Monuments and Museums

Villa San Michele

High up, on the north-eastern rocky spur of Anacapri, at the foot of Mount Barbarossa, is the white creation of
Dr. Axel Munthe (1857-1949), one of the most famous Swedes in the world at the time. His notoriety is mainly due to his work as a writer, to his fame as a doctor of all and staff of Queen Victoria of Sweden, as a philanthropist and friend of animals and for his friendships in the international intellectual world of the time.
Villa San Michele is surrounded by a green park where architecture, art and nature come together harmoniously. The Villa is the only private residence in Capri, in its original state, open to the public and evokes the life of the international cultural, aristocratic and royal jet set of its time.

"My house must be open to the sun, the wind and the voices of the sea - like a Greek temple - and light, light, light everywhere"

Wrote Munthe in The Story of San Michele (1929) one of the greatest international bestsellers of the era.
The Swedish doctor's intention was not to create a comfortable home for himself, but rather he wanted to create an airy architecture that would allow his thoughts and emotions to express themselves on the great issues of life. In the land purchased by Munthe there were traces of the Roman era. The ancient artifacts are part of his private collection and come mainly from the continent;  yet, whether they are originals or copies of marble and bronze, they all have the function of arousing that state of mind that Axel Munthe, according to the words of the book, wanted to evoke. Of all, the most iconic figure is the Egyptian sphinx that watches over the island of Capri from above.
Munthe also purchased the ruins of Barbarossa Castle with the surrounding land, in order to prevent traditional bird hunting. Over the years, the castle of Barbarossa has become the ornithological station of Capri, and is home to a research center on migratory birds, in which Swedish and Italian ornithologists work during the period of spring migrations.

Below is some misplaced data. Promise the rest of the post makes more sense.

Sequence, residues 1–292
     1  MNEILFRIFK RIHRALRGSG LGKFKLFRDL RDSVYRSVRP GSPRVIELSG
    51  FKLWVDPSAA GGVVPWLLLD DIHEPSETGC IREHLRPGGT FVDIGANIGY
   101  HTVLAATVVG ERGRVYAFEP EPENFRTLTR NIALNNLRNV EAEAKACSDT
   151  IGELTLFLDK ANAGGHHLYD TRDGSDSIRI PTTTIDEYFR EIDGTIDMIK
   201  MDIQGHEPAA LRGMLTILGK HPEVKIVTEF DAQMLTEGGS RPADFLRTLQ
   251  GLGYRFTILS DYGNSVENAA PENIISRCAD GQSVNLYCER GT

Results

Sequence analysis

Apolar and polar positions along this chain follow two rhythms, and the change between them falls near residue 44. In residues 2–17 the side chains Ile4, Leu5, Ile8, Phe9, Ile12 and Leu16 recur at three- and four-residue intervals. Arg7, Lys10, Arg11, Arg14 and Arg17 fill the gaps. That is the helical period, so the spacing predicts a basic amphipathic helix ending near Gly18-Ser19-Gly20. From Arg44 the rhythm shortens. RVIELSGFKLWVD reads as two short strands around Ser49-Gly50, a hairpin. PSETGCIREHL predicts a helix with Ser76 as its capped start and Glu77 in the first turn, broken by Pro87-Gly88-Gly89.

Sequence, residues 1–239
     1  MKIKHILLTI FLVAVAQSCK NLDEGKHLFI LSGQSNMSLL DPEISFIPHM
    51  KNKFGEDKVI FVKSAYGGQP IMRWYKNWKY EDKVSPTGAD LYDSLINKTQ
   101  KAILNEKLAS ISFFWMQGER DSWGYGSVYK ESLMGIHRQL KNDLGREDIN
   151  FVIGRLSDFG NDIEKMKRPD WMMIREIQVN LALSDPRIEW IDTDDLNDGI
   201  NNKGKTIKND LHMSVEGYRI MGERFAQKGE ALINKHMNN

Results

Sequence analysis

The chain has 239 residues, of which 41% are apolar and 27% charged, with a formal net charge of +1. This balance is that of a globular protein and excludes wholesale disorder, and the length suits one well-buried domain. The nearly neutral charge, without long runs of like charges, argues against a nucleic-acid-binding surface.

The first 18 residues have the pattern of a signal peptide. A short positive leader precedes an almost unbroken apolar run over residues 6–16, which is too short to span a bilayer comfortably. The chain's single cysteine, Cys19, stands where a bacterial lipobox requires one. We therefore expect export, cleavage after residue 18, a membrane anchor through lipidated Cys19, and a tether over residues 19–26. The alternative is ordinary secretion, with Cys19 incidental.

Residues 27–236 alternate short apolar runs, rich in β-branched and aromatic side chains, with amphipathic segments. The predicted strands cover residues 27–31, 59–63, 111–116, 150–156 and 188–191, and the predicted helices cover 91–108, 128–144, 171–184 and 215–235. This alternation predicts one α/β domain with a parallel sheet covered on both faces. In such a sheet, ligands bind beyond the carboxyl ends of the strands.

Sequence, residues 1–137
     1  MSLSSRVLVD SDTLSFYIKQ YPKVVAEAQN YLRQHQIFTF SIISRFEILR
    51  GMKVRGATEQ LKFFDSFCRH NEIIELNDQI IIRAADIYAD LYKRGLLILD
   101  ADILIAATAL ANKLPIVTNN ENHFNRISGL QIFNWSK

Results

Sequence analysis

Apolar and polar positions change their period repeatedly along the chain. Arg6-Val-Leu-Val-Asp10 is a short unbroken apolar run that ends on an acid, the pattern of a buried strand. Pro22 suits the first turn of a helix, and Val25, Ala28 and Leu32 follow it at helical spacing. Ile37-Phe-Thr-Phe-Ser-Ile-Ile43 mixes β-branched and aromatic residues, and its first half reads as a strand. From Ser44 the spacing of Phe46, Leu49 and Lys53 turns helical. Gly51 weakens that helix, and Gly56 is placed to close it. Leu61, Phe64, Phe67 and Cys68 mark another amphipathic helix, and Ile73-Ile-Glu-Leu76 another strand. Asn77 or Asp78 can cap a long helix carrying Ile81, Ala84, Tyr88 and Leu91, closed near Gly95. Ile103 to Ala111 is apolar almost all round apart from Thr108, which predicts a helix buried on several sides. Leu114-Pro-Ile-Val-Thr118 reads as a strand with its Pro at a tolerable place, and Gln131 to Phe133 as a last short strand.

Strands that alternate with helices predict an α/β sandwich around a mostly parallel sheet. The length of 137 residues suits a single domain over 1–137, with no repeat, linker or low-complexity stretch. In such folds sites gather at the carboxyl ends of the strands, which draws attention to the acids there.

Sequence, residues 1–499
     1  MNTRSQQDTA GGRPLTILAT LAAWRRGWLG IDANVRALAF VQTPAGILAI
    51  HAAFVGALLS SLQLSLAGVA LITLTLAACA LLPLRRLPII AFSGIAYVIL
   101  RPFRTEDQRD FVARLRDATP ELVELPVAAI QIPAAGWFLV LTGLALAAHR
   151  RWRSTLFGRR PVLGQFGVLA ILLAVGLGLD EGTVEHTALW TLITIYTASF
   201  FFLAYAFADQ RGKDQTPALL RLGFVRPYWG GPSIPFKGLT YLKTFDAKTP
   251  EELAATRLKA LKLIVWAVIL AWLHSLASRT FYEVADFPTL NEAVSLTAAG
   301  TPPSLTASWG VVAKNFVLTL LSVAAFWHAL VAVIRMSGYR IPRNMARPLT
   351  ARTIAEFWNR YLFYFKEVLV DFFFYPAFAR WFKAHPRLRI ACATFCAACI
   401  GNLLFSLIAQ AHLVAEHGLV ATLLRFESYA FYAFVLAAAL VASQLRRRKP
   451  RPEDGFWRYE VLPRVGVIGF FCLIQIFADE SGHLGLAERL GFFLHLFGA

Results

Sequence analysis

From 1907 Munthe's guests and patients lived periodically at Villa San Michele, including the eccentric heiress Luisa Casati Stampa, muse of many artists and the first performance artist in the world.
In 1917 the Villa became a convalescent home for wounded English soldiers.

Munthe's bond with Capri lasted 68 years and for most of this period the island was his main residence. In 1943 he left Capri forever and spent the last years of his life at the royal palace in Stockholm, guest of King Gustav V. In his will he decided to donate his residence and all the surrounding properties to the Swedish state with the aim of developing and strengthening the relations between Italy and Sweden, thus offering every summer a rich program of cultural events with renowned Swedish and Italian artists.
For museum opening hours, see
Guided tours of the Barbarossa Castle take place from April to October by booking at 0818371401.

Information about Villa San Michele

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